GCSE trends: What this year’s results tell us

Computing is booming but music and drama continue to decline, according to this year’s GCSE results (Jordan Pettitt/PA)
Computing is booming but music and drama continue to decline, according to this year’s GCSE results (Jordan Pettitt/PA)

This year’s GCSE results suggest some subjects are flourishing while others could be heading for extinction.

Here are some of the key trends:

– Computing enters top 15 most popular subjects

The top 10 subjects with the most GCSE entries is unchanged this year – as it has been every year since 2018, with the science double award in first place, maths in second place and English third.

There is a new entry in the top 15, however.

Computing has been climbing the chart in recent years and is now in 15th place, up from 16th last year and 20th place in 2016.

Design & technology has been moving in the other direction for some time.

It was the sixth most popular subject back in 2012, but slipped out of the top 10 in 2018 and is now out of the top 15 altogether.

– Music and drama continue to slide

Entries for GCSE music are down 13% this year and drama is down 7%.

Both subjects have been suffering a slow decline for many years and the latest figures suggest they are continuing to fall out of favour.

Music has dropped 36% since 2010 while drama is down 39%.

Completing a bleak picture for the creative industries, GCSE performing arts had just 6,835 entries this year – down 17% from last year and a fall of 72% since 2010.

(PA Graphics)

– Spanish closes in on French

On current form, Spanish could overtake French as soon as next year to become the most popular foreign language at GCSE.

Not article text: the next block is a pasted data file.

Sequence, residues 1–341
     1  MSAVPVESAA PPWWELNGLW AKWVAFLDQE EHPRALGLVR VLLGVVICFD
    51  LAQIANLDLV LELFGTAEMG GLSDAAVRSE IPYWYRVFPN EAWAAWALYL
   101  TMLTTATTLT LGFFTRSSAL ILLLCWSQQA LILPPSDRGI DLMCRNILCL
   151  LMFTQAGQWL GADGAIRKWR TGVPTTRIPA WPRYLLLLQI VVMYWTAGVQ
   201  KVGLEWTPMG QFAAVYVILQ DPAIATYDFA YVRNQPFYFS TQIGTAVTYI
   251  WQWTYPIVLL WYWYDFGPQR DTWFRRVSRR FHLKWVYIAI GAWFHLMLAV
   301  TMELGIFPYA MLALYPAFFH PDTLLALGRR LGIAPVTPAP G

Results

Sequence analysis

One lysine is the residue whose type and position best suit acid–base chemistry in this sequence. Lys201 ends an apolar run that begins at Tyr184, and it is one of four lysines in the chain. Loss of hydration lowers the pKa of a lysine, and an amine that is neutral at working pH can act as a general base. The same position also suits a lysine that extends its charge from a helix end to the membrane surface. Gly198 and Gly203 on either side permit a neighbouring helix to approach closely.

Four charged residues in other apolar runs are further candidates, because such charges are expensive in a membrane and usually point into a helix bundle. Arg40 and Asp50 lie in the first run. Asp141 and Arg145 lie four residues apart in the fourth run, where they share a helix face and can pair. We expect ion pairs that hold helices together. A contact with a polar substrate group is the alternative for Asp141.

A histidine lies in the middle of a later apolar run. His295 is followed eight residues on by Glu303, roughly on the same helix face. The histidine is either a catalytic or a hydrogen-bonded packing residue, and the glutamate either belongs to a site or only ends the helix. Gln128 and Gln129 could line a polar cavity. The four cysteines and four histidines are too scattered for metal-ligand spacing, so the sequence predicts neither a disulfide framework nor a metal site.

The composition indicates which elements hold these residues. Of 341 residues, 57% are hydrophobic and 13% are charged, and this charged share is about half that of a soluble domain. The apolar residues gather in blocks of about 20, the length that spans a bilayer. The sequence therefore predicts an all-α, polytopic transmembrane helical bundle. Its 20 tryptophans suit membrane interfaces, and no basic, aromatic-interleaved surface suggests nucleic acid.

The gap between the subjects has been narrowing for some time and they are now only a few thousand entries apart, with French on 130,901 and Spanish on 125,651.

Spanish has rocketed in popularity over the past few years, with entries up 11% between 2022 and 2023 and up 86% since 2010.

By contrast, French has dropped by 26% since 2010 – though entries were up slightly this year, by 1%.

Meanwhile, German looks to be moving closer towards extinction, falling 4% year-on-year and down 51% from 70,169 entries in 2010 to 34,707 in 2023.

(PA Graphics)

– Other languages

The number of entries classed as “other modern languages” jumped 9% this year to the highest on record.

There were a total of 39,896 entries across the 15 languages covered by this category, comfortably above the 34,707 entries for German.

Within the group, Chinese jumped year-on-year from 5,504 entries to 7,091, Polish rose from 6,003 to 6,938 and Arabic increased from 4,931 to 5,171.

(PA Graphics)

– Gender imbalance

GCSE home economics was formally dropped from the syllabus several years ago, but just over 2,000 candidates took the subject in 2023, of whom 98% were girls – the biggest gender imbalance of any subject, as was the case in 2022.

Other subjects where girls accounted for the vast majority of entries this year included performing arts (95%), health & social care (95%) and social sciences (72%).

Boys made up the most entries in construction (90%), engineering (83%) and computing (79%), as well as the small category called “other technology subjects” (94%).

(PA Graphics)

– Business booms

The recent growth in GCSE business studies shows no sign of faltering. There were 123,166 entries this year, up 15% from last year and an increase of 59% since 2010.

The subject is currently the 14th most popular choice at GCSE and is likely to move up the rankings in the next few years, overtaking Spanish (13th) and French (12th).

– Statistically speaking

Entries for GCSE statistics jumped by 20% this year, lifting it from 26th to 25th place in the rankings.

It is still something of a minnow in terms of entries (26,559), particularly when compared with the big fish at the top of the popularity chart.

But if the subject grows at a similar rate over the next few years, it should move up the rankings quickly and could return to the top 20 for the first time since 2010.